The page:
Meda Kessler 2017-02-19 23:41:55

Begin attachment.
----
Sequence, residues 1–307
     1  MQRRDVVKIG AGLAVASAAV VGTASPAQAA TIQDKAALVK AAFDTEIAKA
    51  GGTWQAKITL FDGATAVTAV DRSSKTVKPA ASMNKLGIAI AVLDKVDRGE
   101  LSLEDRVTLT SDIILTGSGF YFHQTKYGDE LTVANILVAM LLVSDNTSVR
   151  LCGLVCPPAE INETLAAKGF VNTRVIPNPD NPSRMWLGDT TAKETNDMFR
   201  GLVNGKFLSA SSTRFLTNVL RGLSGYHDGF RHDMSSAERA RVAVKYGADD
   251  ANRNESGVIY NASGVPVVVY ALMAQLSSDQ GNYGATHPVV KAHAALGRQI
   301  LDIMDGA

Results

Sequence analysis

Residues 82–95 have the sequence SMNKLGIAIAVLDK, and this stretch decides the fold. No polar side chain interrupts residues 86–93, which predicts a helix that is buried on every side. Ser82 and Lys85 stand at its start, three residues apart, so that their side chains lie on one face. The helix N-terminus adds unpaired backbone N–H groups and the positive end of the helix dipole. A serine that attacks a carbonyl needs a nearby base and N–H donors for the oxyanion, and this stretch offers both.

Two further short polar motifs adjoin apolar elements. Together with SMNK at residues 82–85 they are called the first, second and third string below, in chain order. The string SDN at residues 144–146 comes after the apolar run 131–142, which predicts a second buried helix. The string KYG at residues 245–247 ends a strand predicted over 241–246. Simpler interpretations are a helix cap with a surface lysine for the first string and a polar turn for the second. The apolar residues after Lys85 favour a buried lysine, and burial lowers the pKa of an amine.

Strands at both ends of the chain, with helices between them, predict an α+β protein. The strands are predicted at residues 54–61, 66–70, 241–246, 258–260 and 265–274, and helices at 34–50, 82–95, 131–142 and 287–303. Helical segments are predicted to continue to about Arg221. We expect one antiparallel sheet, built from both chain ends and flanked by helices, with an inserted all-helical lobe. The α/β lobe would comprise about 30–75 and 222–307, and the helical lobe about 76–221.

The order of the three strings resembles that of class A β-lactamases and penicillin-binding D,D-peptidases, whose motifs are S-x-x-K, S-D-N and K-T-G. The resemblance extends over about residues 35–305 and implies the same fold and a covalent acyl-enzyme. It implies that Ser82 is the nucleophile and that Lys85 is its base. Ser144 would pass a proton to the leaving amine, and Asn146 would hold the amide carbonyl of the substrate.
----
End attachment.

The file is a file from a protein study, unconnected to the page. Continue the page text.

Be it a rural or urban project, architecture plays a major role in our lives. Paul Dennehy wants to get the “words” just right. The Story Teller Paul Dennehy near the site of the Tandy Hills Natural Area Pavilion. His firm’s design was chosen as the winner from among 20 design proposals submitted for the hilltop prairie. The rendering for the Tandy Hills project, shows its teepee-like design.f Paul Dennehy believes architects have a story to tell when it comes to their work in general and in Texas and Fort Worth in particular. He is doing a lot these days to help others tell their stories. He stays busy traveling the state as president of the 7,200-member Texas Society of Architects (TxA), which is based in Austin. In between road trips in a black pickup truck, Paul takes time out of his hectic schedule to grab lunch at Fred’s TCU, a bonus of having an office within walking distance of the casual burger joint. There we talk about life and work and love and loss. “I was born in Oak Cliff and later worked in Dallas, but my heart has long been in Fort Worth,” says Paul. Paul worked in Dallas before starting Fort Worth-based Dennehy Architects in 1993 with wife Sandy, whom he met while attending the School of Architecture at the University of Texas at Arlington in the late ’70s. Paul went from UTA to earn his master of architecture at the University of Pennsylvania, but he returned to Fort Worth and married Sandy in 1987 in Fort Worth’s Botanic Garden. They detoured to Hong Kong to work on I.M. Pei’s Bank of China project together and toured as much of Asia as possible. In Fort Worth, their work goals and ideals meshed with their personal lives. They sought to become part of the community they lived in by making a difference aesthetically as architects and also in positive ways that impacted others. Notable work includes the Hazel Harvey Peace Center for Neighborhoods and the Ella Mae Gratts Shamblee Library, two municipal buildings that expanded the reach of city services to Fort Worth’s Southside. “We structured our business on certain principals,” says Paul, “and I learned a lot from Sandy about advocating for your beliefs.” Sandy passed away in 2014, but her spirit obviously remains with Paul. It’s a lesson that Paul has taken to heart as TxA president, chair of several TxA committees and past president of the Fort Worth chapter of the American Institute of Architects (AIA). The Ella Mae Gratts Shamblee Library design incorporates a 1930s-era school building in a historic neighborhood context. Photo courtesy of Dennehy Architects “We have to communicate who we are as architects and why our roles are critical in everything from preservation to new development.” Paul believes their mission also includes encouraging women and minorities to be part of the architecture community to ensure the growth of their profession. He has been racking up the miles in visiting all 17 TxA chapters — big and small — around the state. “While we’ve been fairly recession-proof here in North Texas, things are different around the U.S., so we should consider ourselves lucky for that.” Paul acknowledges that Fort Worth is not well known for modern design in residential and commercial projects, but he sees barriers to forward thinking slowly breaking down, thanks to award-winning work of such architects as Bart Shaw and Norman Ward. His own three-person firm has learned to “punch beyond our weight” and go after bigger projects. Dennehy Architects recently won the Tandy Hills Natural Area Pavilion Competition with a contemporary teepee-inspired design that celebrates the surrounding parkland just east of downtown Fort Worth, while serving as a gathering space with panoramic views east and west. The Hazel Harvey Peace Center for Neighborhoods has played a vital role in the redevelopment of the Southside’s inner-city neighborhood. Photo courtesy of Dennehy Architects “Houses are such personal projects, so these community-oriented designs can be fun to do,” says Paul, who with co-workers Dennis Chiessa and Donald Gatzke are the design team of the winning site-specific plan, which now awaits funding. Dennehy Architects also has been working on the new boardwalk at the Fort Worth Nature Center & Refuge, a highly anticipated project for the center’s many visitors. Paul’s love of wide-open spaces is no surprise, as he owns a place in Alpine. While work keeps him mostly tethered to the city, he escapes when he can. “Every time I visit, I can’t seem to stop smiling.”
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